“And if you notice the way I speak, I don’t speak like somebody that doesn’t have authority to say what I’m saying. You don’t need to send people to talk to Mr. Trump who don’t know what time it is. But if there should come a time that I would talk to the modern Pharaoh, I know exactly what to ask for and I’m not asking for Negro tidbits. I’m asking for what God wants: Land of our own and a good send off after we’ve given you 400 years of our sweat, blood and tears and received in return some of the worst treatment ever afforded to a human being,” said Min. Farrakhan.
The officer who fatally shot 15-year-old Jordan Edwards in Balch Springs, Texas, on Saturday has been fired, police said at a press conference this evening.
Balch Springs Police Chief Jonathan Haber identified that officer as Roy Oliver and said he had been a member of the police department since 2011.
The announcement of the officer’s dismissal was welcomed by the Edwards family. “We are grateful the decision has been made to terminate the office responsible for Jordan’s murder,” a family statement read. “Over the past 24 hours Chief Haber has made commendable strides toward justice. However, there remains a long road ahead.”
The incident in question took place Saturday evening as police were responding to a report of “several underage kids” who were allegedly drunk at a residence in Balch Springs. Police initially said that Edwards was in a vehicle that backed up in the direction of the responding officers “in an aggressive manner.” Oliver then opened fire, striking Edwards, who was sitting in the front passenger seat. He was transported to a local hospital, where he was pronounced dead.
Authorities later admitted, however, that they had misspoken in recounting what occurred and that it appeared as though the vehicle Edwards was in was driving away from the officers when shots were fired, based on body cam footage.
On behalf of Jordan Edwards’ family concerning the officer’s termination pic.twitter.com/UJeT6OM6xg
— S. Lee Merritt (@MeritLaw) May 2, 2017
There are significant questions for the Milwaukee County Jail and its Sherriff’s Department about the death of Terrill Thomas, 38, an inmate found in his cell a year ago. The cause of death was “profound dehydration” after being deprived of water for seven straight days, the medical examiner said. Family and an outraged public agree that someone should be held legally accountable for the death of Mr. Thomas.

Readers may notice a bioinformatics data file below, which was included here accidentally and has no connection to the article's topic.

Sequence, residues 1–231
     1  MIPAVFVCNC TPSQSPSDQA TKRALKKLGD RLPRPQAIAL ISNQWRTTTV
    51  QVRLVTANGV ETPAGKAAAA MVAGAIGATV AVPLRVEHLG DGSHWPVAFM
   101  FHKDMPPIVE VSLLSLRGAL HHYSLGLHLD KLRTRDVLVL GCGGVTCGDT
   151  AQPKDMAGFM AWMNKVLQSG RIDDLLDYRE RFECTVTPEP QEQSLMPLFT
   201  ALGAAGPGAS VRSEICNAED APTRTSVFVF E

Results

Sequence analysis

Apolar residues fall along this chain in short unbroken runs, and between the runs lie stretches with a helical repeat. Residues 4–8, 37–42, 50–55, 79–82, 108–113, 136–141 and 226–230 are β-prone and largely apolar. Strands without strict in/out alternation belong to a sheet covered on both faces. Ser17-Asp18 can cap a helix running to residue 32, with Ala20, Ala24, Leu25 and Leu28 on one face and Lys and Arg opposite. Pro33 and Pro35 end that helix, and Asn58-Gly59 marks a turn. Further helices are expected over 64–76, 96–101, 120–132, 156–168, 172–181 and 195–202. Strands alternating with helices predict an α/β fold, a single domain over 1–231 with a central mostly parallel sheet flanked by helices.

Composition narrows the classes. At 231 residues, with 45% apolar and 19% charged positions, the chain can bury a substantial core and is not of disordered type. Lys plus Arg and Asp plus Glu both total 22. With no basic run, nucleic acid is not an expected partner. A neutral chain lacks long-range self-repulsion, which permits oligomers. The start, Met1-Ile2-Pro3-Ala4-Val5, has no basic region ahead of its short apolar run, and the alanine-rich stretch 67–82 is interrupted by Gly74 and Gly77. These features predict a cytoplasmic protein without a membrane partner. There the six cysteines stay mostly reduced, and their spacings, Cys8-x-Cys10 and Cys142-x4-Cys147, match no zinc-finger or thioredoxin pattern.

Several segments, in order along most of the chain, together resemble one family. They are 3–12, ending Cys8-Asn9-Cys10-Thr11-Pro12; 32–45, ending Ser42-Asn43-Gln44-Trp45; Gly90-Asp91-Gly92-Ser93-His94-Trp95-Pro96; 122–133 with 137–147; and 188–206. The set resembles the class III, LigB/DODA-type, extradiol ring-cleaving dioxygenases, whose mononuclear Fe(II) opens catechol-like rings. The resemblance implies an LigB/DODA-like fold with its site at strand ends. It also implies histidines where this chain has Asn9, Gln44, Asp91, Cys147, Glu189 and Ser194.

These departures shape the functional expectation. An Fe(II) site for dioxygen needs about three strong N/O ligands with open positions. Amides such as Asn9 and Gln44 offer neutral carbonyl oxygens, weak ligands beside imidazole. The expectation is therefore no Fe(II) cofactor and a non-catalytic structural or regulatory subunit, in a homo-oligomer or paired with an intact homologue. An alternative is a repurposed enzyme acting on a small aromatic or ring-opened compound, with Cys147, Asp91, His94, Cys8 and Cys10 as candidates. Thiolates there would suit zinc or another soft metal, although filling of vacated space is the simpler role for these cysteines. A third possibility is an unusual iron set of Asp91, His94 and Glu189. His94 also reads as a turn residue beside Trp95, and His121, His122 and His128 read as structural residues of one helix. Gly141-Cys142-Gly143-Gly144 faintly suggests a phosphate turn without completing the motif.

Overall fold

An inquest convened by the city’s prosecutor believes someone should be punished too. The jurors came back May 1 with a recommendation that some county jail workers face charges.
The jury has recommended criminal charges against seven Milwaukee County jail staffers. The jury’s recommendation followed a six-day inquest that included testimony from jail staff and evidence from county prosecutors. The jury found probable cause to believe the staffers committed the crime of abuse of a resident of a penal facility in the death of Mr. Thomas.
They recommended charges against two jail supervisors and five correctional officers.
It’s up to prosecutors whether to file charges.
The inquest highlighted errors surrounding Mr. Thomas’ death, including the failure to log that his water had been turned off.
Milwaukee County Sheriff David Clarke oversees the jail, but the inquest did not target him.
A guard intentionally turned off the water in an isolation cell because Mr. Thomas had flooded a previous cell, according to officials. A jail supervisor insists she only ordered that water to the toilet in the cell be turned off to prevent any flooding.
The jurors recommended charges against two jail supervisors, Nancy Evans and Kashka Meadors, and five officers: James Ramsey-Guy, JorDon Johnson, Thomas Laine, Dominique Smith and John Weber.
Milwaukee County District Attorney John Chisholm said he had no timeline to decide, and that he could charge more people—or fewer.
The jury returned its recommendation just a few hours after morning testimony that the sheriff’s office continued using water deprivation as a form of punishment even after Mr. Thomas’ death. Prosecutors presented jurors with jail logs documenting two cases in which disobeying inmates had water to their cells turned off—both within a month of Mr. Thomas dying. One of the cases happened a week after Mr. Thomas’ death and in both subsequent instances it wasn’t clear when it was turned back on.
“This isn’t the first time this happened. This is a pattern,” Assistant District Attorney Kurt Bentley said.
Mr. Chisholm said he thought jurors were swayed by evidence that showed jail policies weren’t followed and that Mr. Thomas had been left in poor conditions.
“I think it’s just the clear lack of oversight over this entire process that really troubled them more than anything else,” he said.
Mr. Chisholm said he conducted an inquest because what happened was a “major system failure” and he wanted the public to have some input in his decision.
CHICAGO—Every day Black communities are inundated with violence. Whether it’s heinous acts committed against one another, encounters with police, or simply watching television or listening to music.
Violence has almost become a subculture that Black people not only embrace, but in many ways, openly promote.
Of course, it helps to understand the root of the problem, which in an overwhelming number of Black communities—particularly in large cities—is almost always tied to abject poverty, substandard living conditions, poor or failing schools, general lack, and feelings of hopelessness and despair.
When those conditions exist, it creates a perfect storm for crime, and ultimately violence, to manifest themselves.
In recent weeks, several incidents have played out in the media where Black people seem to just snap and commit heinous acts of violence.
Are these incidents, and many others, proof that Blacks are prone to violence as the popular narrative goes? Or is there something deeper going on? >>FULL STORY